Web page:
A day after Hong Kong picked a new Beijing-backed leader, police launched a fresh round of arrests of student leaders and other prominent figures involved with the huge 2014 Umbrella Movement pro-democracy protests.
Carrie Lam waves after her victory Sunday as Hong Kong's chief executive at the Convention Center.
Speaking to reporters after the result was announced, Lam thanked her rivals and members of the election committee "no matter who they voted for".
Law was already convicted a year ago with fellow student leaders Joshua Wong and Alex Chow for taking part in, or inciting others to take part in, an anti-China protest that led up to the major rallies.
Hong Kong's citizens are wary of Lam, largely because she's seen as Beijing's top pick.
Those concerns were heightened on Monday when police charged nine leading campaigners who took part in the Umbrella Movement of 2014 - including student protesters and lawmakers - in connection with the rallies.
Lam won with 772 votes, the South China Morning Post reported citing an unofficial count.
Lawmaker Tanya Chan said at least nine protest leaders including herself received calls from the police notifying them of their charges.
Back in 2014, Beijing decided that it wanted to screen candidates.
Lam met with incumbent leader Leung Chun-ying earlier on Monday.
The former No 2 official, who secured 777 out of the 1,186 votes cast by the Election Committee tasked to pick the next chief executive, also vowed to find ways to improve relations between the executive and the legislature.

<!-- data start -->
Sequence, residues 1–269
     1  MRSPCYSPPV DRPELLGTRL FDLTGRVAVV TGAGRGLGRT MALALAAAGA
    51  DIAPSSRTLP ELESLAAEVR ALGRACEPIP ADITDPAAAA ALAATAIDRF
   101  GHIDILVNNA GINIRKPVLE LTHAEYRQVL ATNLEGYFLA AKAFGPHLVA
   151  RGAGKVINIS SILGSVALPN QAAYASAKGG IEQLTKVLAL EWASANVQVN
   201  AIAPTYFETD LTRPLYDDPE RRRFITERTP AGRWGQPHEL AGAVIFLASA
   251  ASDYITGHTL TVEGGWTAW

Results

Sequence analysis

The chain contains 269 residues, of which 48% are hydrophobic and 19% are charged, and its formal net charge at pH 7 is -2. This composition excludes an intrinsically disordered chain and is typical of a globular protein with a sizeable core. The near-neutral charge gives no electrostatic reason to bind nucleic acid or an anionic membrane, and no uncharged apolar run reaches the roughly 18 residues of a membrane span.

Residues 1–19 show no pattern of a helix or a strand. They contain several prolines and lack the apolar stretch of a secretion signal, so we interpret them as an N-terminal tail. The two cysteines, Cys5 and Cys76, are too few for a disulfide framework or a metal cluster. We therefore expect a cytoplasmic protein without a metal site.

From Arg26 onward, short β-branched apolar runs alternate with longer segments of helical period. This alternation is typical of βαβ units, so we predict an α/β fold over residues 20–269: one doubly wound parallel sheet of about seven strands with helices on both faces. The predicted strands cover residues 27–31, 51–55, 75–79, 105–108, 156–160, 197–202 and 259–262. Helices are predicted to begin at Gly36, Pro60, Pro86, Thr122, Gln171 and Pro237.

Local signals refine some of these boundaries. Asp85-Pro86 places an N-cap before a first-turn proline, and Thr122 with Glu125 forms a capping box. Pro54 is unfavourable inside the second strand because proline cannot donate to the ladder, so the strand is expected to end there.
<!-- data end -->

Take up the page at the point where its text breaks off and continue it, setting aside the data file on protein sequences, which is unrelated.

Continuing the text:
"China promised that Hong Kong people would run Hong Kong", Mabel Yau, 52, one of protesters outside the voting site, told The New York Times.
In a major development, Carrie Lam has been elected as the chief executive of China's Hong Kong Special Administrative Region (SAR).
"Carrie Lam said her government's first mission is to mend cleavages in society and to create a dialogue, but now with this action, I don't see how the government can create a dialogue with the opposition", he said in an interview. Disenchanted Hong Kong people responded to Beijing's latest slap in the face with resigned humor.
The vote was dismissed as a sham by democracy campaigners who fear Beijing is tightening its grip on semi-autonomous Hong Kong.
While the 59-year-old veteran politician never gained the support of the Hong Kong people during her campaign, she was widely believed to have the backing of Beijing. Lam, who will be the city's first woman leader, was formerly his deputy.
"I have every confidence that we will have a very smooth transition", said Lam, after shaking hands with Leung.
"Without a fair, transparent, genuine democracy, a lot of issues can not be dealt with in Hong Kong", said Alvin Yeung, the leader of the Civic Party and a member of the legislative assembly.
While Hong Kong's proximity to China has been a boon for the city, bringing in Chinese investment and spending, businesses have also faced growing competition from mainland Chinese firms in core sectors like services and property.
"In the last election, Beijing authorities only made up their minds in the last week, so it was more hard for them to consolidate the pro-establishment votes", political analyst Ivan Choy told The Business Times.